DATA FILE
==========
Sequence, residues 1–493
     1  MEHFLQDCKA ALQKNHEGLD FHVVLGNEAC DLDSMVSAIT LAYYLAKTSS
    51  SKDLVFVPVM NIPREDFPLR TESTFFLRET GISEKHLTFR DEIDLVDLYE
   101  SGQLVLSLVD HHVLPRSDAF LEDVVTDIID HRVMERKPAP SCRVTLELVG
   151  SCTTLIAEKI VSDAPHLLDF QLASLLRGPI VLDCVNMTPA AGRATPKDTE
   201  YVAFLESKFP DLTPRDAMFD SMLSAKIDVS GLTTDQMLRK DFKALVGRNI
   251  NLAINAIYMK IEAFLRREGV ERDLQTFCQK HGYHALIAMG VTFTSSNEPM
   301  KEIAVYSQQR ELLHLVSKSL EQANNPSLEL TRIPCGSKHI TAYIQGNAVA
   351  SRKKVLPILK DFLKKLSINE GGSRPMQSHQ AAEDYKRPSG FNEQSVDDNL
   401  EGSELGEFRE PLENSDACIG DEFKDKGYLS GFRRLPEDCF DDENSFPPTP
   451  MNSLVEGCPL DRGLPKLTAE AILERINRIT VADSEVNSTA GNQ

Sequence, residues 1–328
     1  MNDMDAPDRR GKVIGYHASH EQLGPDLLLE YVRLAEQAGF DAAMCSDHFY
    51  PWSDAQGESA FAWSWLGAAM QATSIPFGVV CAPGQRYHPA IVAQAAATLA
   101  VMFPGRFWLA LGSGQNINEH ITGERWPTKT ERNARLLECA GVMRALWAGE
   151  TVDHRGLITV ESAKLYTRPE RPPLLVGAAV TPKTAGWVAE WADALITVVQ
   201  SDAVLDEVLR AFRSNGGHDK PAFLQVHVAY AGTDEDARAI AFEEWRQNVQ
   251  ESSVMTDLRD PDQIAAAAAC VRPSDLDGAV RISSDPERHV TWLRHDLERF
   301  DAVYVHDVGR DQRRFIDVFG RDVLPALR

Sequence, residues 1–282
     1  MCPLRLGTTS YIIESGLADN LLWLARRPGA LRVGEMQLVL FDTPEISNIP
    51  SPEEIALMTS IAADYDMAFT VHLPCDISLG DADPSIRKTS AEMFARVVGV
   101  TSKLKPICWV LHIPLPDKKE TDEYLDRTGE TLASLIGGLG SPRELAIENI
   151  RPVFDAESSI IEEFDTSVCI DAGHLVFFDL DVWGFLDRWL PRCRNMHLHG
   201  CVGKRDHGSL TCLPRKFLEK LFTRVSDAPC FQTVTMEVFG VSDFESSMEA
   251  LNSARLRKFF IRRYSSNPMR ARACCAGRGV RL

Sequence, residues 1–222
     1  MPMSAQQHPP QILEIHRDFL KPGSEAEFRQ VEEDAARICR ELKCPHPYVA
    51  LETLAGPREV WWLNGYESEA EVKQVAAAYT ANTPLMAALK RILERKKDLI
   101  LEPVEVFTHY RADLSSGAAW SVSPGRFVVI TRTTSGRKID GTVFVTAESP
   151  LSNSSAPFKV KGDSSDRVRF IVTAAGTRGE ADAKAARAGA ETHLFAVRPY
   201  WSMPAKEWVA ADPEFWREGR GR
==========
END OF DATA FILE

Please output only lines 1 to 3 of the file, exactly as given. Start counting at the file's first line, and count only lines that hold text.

Sequence, residues 1–493
     1  MEHFLQDCKA ALQKNHEGLD FHVVLGNEAC DLDSMVSAIT LAYYLAKTSS
    51  SKDLVFVPVM NIPREDFPLR TESTFFLRET GISEKHLTFR DEIDLVDLYE